Then his master called him and said to him, “You wicked and contemptible slave, I forgave all that great debt of yours because you begged me. Should you not have had mercy on your fellow slave, who owed you little by comparison, as I had mercy on you?” And in wrath his master turned him over to the torturers (jailers) until he paid all that he owed. My heavenly Father will also do the same to every one of you, if each of you does not forgive his brother from your heart.

Matthew 18:32-35


Some scriptures really scare us and therefore we avoid them. We like to think of God as a cuddly teddy bear or like some kind of Santa waiting to treat us with nice little gifts. His love is beyond measure, but He is not a God of no consequence. His consequences are not always for the reasons we might think. We could interpret from this scripture that somehow God is harsh to this slave, but again we so easily forget the 6 billion that was forgiven. Our avoidance of scriptures about God’s wrath is founded on our failure at seeing His Holiness.

Jesus is telling a story, so He is using imagery to make a point. When Jesus reveals the result of this slave not forgiving another, He is painting a picture for our minds of what it’s like when we don’t forgive. Jesus is revealing the effect of unforgiveness on our souls.

When we don’t forgive, we all know the torment that can occur in our minds and hearts: we become a prisoner in our unforgiveness towards others; our souls are tormented and tortured. Just as we bring Heaven to earth today through forgiveness and love towards others, we also have the power to bring hell to earth through unforgiveness towards other humans. Heaven has no unforgiveness. Heaven has no bitterness towards others—these things are from the enemy and not from our loving God.

So rather than turning this into a debate about what happens when we die, I think Jesus is revealing the power of forgiveness that’s at our fingertips today. We taste what hell might be like everyday in the disconnection we feel between us and others. Heaven is not (just) a place we go when we die. Heaven is the presence of God: we taste it everyday, and we bring Heaven to earth when we live towards others the way Christ has revealed to us. Hell is not a place we go when we die; hell is the absence of God—and we taste hell everyday, and we bring hell to earth when we live towards others the way sin has taught us to live. It’s the enemy’s plan for us to do things on our own and get our own way, and this brings the opposite of heaven into this world. That’s why the gospel is so important—the gospel means “good news.” It’s good news because we have been set free from the bondage of sin and debt, so we don’t have to go around choking others to make up for that feeling of debt on the inside.

We are set free today and for all of eternity, through Christ. We bring Heaven, or the presence of God, into our relationships because Jesus has made a way for us to experience the Holy presence of God. In our sin, we once could not experience and know that presence because God is a Holy God. Because of this debt of sin, we could not be in His presence. God is unchangeable and immutable. His holiness cannot change, nor would we want it to change. Praise God He is unwilling to change His nature to make us feel ok about our sin nature! Instead of compromising His Holiness, He came to earth to transform us. His perfect love came down and put on flesh. He became human and lived the perfect life towards other humans. The life we haven’t lived and should have lived for His glory, this life He lived for us. Not only that, but even though He lived the perfect life and therefore the wages of sin—which are death—don’t apply to Him, He died on the cross as the perfect sacrifice to make up for our wrongs and pay the debt we could not pay. He forgave us our sins, our debt.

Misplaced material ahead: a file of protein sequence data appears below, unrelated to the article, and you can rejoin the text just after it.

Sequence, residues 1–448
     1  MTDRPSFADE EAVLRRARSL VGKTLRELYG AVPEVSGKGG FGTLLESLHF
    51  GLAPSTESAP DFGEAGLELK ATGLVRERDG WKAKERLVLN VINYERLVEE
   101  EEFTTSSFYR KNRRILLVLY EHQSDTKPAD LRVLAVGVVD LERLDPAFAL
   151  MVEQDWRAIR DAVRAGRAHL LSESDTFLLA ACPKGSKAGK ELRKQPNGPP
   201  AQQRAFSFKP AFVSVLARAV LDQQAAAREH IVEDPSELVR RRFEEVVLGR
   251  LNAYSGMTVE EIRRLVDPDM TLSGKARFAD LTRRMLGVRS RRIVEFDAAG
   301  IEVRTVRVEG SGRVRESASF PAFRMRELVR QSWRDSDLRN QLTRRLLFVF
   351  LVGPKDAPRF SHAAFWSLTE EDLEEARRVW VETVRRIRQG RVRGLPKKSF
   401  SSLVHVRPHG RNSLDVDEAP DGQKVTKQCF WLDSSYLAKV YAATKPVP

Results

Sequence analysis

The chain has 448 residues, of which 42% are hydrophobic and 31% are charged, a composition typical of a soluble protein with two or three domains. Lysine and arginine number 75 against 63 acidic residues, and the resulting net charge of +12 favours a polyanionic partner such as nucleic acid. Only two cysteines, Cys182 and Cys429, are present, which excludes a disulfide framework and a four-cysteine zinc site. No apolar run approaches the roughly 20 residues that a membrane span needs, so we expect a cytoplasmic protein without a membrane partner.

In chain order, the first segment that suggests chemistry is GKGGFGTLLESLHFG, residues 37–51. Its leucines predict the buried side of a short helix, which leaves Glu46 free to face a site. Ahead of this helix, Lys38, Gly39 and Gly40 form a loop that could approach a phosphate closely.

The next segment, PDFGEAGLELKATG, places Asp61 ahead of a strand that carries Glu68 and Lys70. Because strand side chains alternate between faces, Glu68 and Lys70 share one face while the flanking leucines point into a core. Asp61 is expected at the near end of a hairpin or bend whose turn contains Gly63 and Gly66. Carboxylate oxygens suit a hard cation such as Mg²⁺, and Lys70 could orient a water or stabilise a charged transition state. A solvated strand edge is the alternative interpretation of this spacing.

We now have access to the Holy Presence of God today and forever, so when we die, we will forever be in His Holy Presence because we have been fully forgiven of any unholiness and can stand boldly before His throne of grace. This is very good news. But our actions—our forgiveness or not of others—show whether we only think it’s good news or if have truly received it. Jesus loves us, but He also loves the person you haven’t forgiven. Jesus loves you, and He loves you enough not to want you to live in any torment of unforgiveness. He also knows that your unforgiveness towards another person will bring guilt and shame upon them. And so the cycle goes on and on—or the cycle could stop with us today by fully receiving our forgiveness and passing on that forgiveness to others.

Marriages could be restored through this: husbands towards wives, and wives towards husbands. Father’s hearts could be turned towards children and children towards fathers. Mother’s hearts towards children and children towards mothers; sisters towards brothers and brothers towards sisters; whites towards blacks and blacks towards white. Nation towards nation and nation towards nations. Presidents towards dictators and dictators towards presidents. $6,000,000,000 towards $12,000.

Let’s stop the cycle with us. Forgive and you will be forgiven.

// Pastor Josh Kelsey